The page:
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Pathophysiology of Diabetic Retinopathy  [PDF]
Joanna M. Tarr,Kirti Kaul,Mohit Chopra,Eva M. Kohner,Rakesh Chibber
ISRN Ophthalmology , 2013, DOI: 10.1155/2013/343560
Abstract: Diabetes is now regarded as an epidemic, with the population of patients expected to rise to 380 million by 2025. Tragically, this will lead to approximately 4 million people around the world losing their sight from diabetic retinopathy, the leading cause of blindness in patients aged 20 to 74 years. The risk of development and progression of diabetic retinopathy is closely associated with the type and duration of diabetes, blood glucose, blood pressure, and possibly lipids. Although landmark cross-sectional studies have confirmed the strong relationship between chronic hyperglycaemia and the development and progression of diabetic retinopathy, the underlying mechanism of how hyperglycaemia causes retinal microvascular damage remains unclear. Continued research worldwide has focussed on understanding the pathogenic mechanisms with the ultimate goal to prevent DR. The aim of this paper is to introduce the multiple interconnecting biochemical pathways that have been proposed and tested as key contributors in the development of DR, namely, increased polyol pathway, activation of protein kinase C (PKC), increased expression of growth factors such as vascular endothelial growth factor (VEGF) and insulin-like growth factor-1 (IGF-1), haemodynamic changes, accelerated formation of advanced glycation endproducts (AGEs), oxidative stress, activation of the renin-angiotensin-aldosterone system (RAAS), and subclinical inflammation and capillary occlusion. New pharmacological therapies based on some of these underlying pathogenic mechanisms are also discussed. 1. Introduction With diabetes now recognised as a global epidemic, the incidence of retinopathy, a common microvascular complication of diabetes, is expected to rise to alarming levels. Diabetic retinopathy is classified into nonproliferative diabetic retinopathy (NPDR) and proliferative diabetic retinopathy (PDR), characterised by the growth of new blood vessels (retinal neovascularization). NPDR is further divided into mild, moderate, and severe stages that may or may not involve the development of a macula diabetic macular oedema (DMO) [1]. The major causes of severe visual impairment are PDR and DMO. Nearly all patients with Type 1 diabetes and >60% of patients with Type 2 diabetes are expected to have some form of retinopathy by the first decade of incidence of diabetes [2, 3]. The risk of developing diabetic retinopathy can be reduced by early detection, timely tight control of blood glucose, blood pressure, and possibly lipids; however, clinically this is difficult to achieve. Laser photocoagulation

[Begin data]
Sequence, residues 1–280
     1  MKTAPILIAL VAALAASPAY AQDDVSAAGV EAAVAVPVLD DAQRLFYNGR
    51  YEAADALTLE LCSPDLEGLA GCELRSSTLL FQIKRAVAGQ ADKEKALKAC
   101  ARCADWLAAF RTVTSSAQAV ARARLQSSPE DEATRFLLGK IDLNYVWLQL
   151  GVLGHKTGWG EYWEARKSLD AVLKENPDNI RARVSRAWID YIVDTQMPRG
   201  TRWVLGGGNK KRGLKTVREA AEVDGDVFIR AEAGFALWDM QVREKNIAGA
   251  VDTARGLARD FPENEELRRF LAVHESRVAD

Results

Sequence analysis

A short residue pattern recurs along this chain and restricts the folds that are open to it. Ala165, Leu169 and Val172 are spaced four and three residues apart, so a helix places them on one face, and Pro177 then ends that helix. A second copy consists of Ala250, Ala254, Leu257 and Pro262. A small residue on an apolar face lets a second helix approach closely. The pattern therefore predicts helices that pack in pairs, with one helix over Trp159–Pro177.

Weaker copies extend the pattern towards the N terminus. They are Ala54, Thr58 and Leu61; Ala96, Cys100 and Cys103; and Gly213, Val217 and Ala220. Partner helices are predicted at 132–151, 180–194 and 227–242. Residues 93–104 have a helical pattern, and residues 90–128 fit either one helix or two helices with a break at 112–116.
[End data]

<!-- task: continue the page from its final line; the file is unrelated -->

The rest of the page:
Therapeutic Interventions against Inflammatory and Angiogenic Mediators in Proliferative Diabetic Retinopathy  [PDF]
Daniel Gologorsky,Aristomenis Thanos,Demetrios Vavvas
Mediators of Inflammation , 2012, DOI: 10.1155/2012/629452